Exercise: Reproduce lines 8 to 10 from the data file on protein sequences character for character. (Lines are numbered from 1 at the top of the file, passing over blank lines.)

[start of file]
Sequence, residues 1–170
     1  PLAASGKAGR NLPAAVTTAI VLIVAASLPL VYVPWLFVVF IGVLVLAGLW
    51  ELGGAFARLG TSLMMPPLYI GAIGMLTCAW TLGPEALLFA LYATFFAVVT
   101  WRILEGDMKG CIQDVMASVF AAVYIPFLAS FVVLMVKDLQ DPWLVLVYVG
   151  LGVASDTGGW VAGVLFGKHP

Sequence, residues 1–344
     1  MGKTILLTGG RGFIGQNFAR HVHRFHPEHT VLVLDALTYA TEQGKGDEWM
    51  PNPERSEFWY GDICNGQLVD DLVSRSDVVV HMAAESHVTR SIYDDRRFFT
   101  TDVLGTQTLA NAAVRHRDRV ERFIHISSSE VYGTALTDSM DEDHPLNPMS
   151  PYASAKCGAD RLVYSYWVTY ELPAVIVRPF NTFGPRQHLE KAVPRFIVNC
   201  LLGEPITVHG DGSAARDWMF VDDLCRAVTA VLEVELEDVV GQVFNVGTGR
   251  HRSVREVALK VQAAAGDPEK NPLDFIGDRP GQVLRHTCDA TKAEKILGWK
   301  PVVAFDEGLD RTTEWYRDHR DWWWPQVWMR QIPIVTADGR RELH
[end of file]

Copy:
    51  PNPERSEFWY GDICNGQLVD DLVSRSDVVV HMAAESHVTR SIYDDRRFFT
   101  TDVLGTQTLA NAAVRHRDRV ERFIHISSSE VYGTALTDSM DEDHPLNPMS
   151  PYASAKCGAD RLVYSYWVTY ELPAVIVRPF NTFGPRQHLE KAVPRFIVNC